Smart living has come a long way in recent years, with many homes now sporting smart thermostats, voice assistants, security cameras, and light bulbs. Still, there remains one major obstacle to a truly seamless smart home experience: compatibility.
If Amazon Alexa delivers news in your kitchen, Google Assistant runs your Nest thermostat, and Siri recommends content on your smart TV — but none of them can communicate with each other — you're going to have some frustrations.
Matter aims to change that.
Matter is the new smart home interoperability standard, created by the Connectivity Standards Alliance (CSA), a coalition of companies including Apple, Google, and Amazon that develop universal standards for the Internet of Things. And it's set to transform how people buy, use, and manage their smart home devices.
Matter was first introduced in 2019, and launched on October 4, 2022. Since its introduction in 2019, Matter has gone through a lot of changes — including delays, rebranding, and new partnerships.
So, what exactly is Matter and how will it affect your smart home?
Let's take a look.
What is Matter?
Matter is an open-source interoperability standard that will make all smart home devices compatible. It will build upon Internet Protocol (IP) — the rules that allow data to be sent from one computer to another — to enable communication between smart technology. In fact, it was first named Project Connected Home over IP (Project CHIP) but then changed to Matter (The CSA was also formerly called the Zigbee Alliance).
The Matter smart home standard will run by using WiFi, Bluetooth, and Thread network layers. But it won't have its own app or smart home assistant platform. It will simply facilitate the connection between smart home devices. (WiFi and Bluetooth may sound familiar, but here's a quick note on Thread: It's a new type of wireless mesh network that's built for the Internet of Things. Since Thread is considered low-power, it helps reduce energy usage and preserve the battery life of devices, while also improving communication between them.)
Matter has launched with over 130 compatible and certified products from more than 50 companies, including Comcast, GE Lighting, and Ikea. Matter will also be deployed across more than 16 operations systems and chipsets, including Linux, Android, Infineon, TI, Silicon Labs, and Synaptics. All compatible products will have a Matter logo, signifying their interoperability as part of the Matter standard.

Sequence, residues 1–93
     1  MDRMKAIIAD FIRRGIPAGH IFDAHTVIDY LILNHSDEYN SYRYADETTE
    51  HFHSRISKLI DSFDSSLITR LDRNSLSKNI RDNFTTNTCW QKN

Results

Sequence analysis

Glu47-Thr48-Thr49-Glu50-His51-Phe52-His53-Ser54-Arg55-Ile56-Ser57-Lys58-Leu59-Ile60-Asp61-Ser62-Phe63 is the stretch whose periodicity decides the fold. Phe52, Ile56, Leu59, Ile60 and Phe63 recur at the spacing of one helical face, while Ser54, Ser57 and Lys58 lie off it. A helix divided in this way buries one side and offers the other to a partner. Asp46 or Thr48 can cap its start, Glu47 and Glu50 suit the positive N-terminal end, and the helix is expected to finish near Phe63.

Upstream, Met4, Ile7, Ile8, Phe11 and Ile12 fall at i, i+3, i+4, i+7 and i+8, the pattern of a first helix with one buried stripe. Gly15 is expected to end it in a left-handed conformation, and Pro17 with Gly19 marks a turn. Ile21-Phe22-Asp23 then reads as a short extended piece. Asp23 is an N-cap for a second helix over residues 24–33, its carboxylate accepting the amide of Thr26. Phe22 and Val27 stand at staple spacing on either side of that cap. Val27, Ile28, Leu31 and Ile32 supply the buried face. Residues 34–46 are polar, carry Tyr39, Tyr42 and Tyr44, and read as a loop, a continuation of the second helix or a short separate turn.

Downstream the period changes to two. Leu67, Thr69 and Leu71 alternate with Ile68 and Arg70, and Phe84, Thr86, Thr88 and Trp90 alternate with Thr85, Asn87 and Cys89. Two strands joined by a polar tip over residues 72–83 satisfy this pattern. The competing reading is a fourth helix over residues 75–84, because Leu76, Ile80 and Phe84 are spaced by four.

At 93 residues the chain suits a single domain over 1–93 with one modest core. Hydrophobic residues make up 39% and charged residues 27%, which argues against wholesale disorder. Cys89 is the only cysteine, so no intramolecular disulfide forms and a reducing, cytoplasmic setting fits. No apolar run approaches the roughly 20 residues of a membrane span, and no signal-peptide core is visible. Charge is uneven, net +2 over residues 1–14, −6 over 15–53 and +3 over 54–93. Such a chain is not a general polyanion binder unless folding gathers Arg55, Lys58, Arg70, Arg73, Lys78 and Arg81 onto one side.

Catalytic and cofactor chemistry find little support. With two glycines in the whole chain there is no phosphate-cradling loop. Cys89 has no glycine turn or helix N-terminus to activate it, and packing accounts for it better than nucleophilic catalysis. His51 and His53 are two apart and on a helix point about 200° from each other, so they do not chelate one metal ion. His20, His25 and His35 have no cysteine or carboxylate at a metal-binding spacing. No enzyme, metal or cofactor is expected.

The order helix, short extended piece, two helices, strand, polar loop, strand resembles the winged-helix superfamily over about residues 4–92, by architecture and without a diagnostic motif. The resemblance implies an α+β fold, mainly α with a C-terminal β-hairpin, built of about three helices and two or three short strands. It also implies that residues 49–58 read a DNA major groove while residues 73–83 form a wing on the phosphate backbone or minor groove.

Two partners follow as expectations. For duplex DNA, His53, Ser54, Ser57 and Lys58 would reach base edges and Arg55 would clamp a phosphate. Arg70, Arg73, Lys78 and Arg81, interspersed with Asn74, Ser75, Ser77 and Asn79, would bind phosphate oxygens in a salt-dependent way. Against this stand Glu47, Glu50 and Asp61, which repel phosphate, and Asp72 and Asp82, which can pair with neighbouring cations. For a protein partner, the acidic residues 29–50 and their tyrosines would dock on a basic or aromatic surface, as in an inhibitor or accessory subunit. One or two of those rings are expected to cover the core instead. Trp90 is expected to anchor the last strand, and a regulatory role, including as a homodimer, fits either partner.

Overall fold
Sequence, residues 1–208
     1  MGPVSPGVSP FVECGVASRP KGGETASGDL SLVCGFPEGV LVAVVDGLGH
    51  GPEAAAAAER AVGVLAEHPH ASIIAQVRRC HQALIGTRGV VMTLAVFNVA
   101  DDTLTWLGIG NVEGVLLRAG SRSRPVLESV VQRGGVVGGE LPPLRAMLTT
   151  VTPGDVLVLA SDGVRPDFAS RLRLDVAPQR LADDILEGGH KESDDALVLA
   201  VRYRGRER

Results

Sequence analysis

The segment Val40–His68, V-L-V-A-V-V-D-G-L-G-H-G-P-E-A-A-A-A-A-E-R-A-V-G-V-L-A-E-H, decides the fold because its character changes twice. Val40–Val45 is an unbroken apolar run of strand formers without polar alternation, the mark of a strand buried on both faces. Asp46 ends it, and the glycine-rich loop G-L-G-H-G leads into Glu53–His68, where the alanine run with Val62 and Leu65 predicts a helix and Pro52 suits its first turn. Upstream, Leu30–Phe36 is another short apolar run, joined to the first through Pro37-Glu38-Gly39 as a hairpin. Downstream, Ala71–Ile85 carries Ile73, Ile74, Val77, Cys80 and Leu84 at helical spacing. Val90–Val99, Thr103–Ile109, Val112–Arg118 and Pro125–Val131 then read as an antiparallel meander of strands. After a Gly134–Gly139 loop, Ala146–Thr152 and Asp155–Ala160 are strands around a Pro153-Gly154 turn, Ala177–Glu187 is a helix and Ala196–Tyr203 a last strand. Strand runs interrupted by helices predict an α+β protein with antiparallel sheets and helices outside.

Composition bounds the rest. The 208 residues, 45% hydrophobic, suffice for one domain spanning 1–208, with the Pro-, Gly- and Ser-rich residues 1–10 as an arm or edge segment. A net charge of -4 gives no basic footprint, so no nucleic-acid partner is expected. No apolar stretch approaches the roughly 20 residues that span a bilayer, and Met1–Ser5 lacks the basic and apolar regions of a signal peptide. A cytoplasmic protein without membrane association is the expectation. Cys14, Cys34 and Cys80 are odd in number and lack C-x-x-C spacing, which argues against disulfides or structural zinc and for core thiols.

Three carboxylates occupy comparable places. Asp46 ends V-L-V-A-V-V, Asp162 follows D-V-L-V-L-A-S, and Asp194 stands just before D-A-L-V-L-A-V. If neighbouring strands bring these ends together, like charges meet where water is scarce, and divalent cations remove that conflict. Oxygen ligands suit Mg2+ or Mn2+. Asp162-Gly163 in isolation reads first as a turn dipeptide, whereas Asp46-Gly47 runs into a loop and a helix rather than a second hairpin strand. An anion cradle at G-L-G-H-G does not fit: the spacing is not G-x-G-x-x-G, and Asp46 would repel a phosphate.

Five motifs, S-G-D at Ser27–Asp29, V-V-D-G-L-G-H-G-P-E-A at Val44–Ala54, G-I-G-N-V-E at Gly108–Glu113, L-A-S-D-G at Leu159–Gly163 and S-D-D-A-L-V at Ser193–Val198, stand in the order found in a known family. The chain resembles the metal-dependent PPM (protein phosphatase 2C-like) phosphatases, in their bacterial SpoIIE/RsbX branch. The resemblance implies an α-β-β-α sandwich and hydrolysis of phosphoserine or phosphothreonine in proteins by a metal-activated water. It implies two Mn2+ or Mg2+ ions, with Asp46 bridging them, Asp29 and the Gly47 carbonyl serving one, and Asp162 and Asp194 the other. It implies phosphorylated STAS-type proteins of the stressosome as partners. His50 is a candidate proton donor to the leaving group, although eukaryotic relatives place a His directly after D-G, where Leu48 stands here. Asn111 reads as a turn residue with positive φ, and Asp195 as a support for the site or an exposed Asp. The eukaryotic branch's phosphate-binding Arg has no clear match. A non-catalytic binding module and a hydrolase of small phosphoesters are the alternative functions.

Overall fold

The benefits of Matter
Matter promises to make smart home devices more secure, reliable, and user-friendly. Specifically, the new Matter smart home protocol will make it easier to:
- Buy smart home products. You can purchase any smart home product without worrying about its compatibility with your existing devices. This will let shoppers choose new devices based on price and features instead of interoperability. It'll also make it easier for retailers to market and sell smart home products to customers.
- Create a connected smart home experience. Devices from different brands can work together and adapt to your needs. For example, you can turn on your lights with the Apple Home app and then turn them off by asking Amazon Alexa. Devices should also be able to communicate faster since they'll be better connected using WiFi and Thread networks.
- Develop new smart home devices. Manufacturers and software developers will be free to create devices that are compatible with a range of smart home systems, like Amazon Alexa, Google Home, and Samsung SmartThings. Matter also promises to make the development process quicker and more cost-effective.
- Improve security. Matter aims to make smart home systems more secure by using blockchain and advanced algorithms to safely connect and transfer data between devices.
Smart home devices compatible with Matter
At launch, Matter supports a range of smart home devices, including:
- Lightbulbs, plugs, and switches
- TVs and streaming devices
- HVAC controllers
- Door locks
- Window shades and blinds
- Motion sensors
- Smoke and carbon monoxide detectors
- Garage door controllers
Future versions of Matter may support other types of smart home products, such as:
- Home appliances
- Security cameras
- Robot vacuums
- Solar panels
In fact, many smart home device manufacturers are already developing products that will support Matter, including:
- Arlo smart home security cameras
- Assa Abloy smart locks
- Aqara motion sensors
- Belkin Wemo smart plugs and lights
- GE smart bulbs and light strips
- Eve Systems water guards, motion blinds, and smart plugs
- Nanoleaf modular lighting panels
- Schlage door locks
- Tuya Smart robot vacuums and smart lights
Will Matter support your existing smart home devices?
Some existing smart home devices will just need a software update to support Matter. The current list of these devices includes:
- Amazon Echo and Echo Dot smart speakers
- Amazon Echo Flex, Echo Plus, Echo Show, and Echo Studio smart speakers and smart displays
- iOS 16 Apple devices, such as iPads and HomePods
- Google Nest smart speakers, displays, thermostats, and WiFi routers
- Ikea Dirigera smart home hubs
- Philips Hue smart locks
This list will continue to expand as Matter evolves. As long as the devices on this list can connect to the internet via WiFi, Thread, or Ethernet cable, they should be able to update remotely and run with the new Matter standard.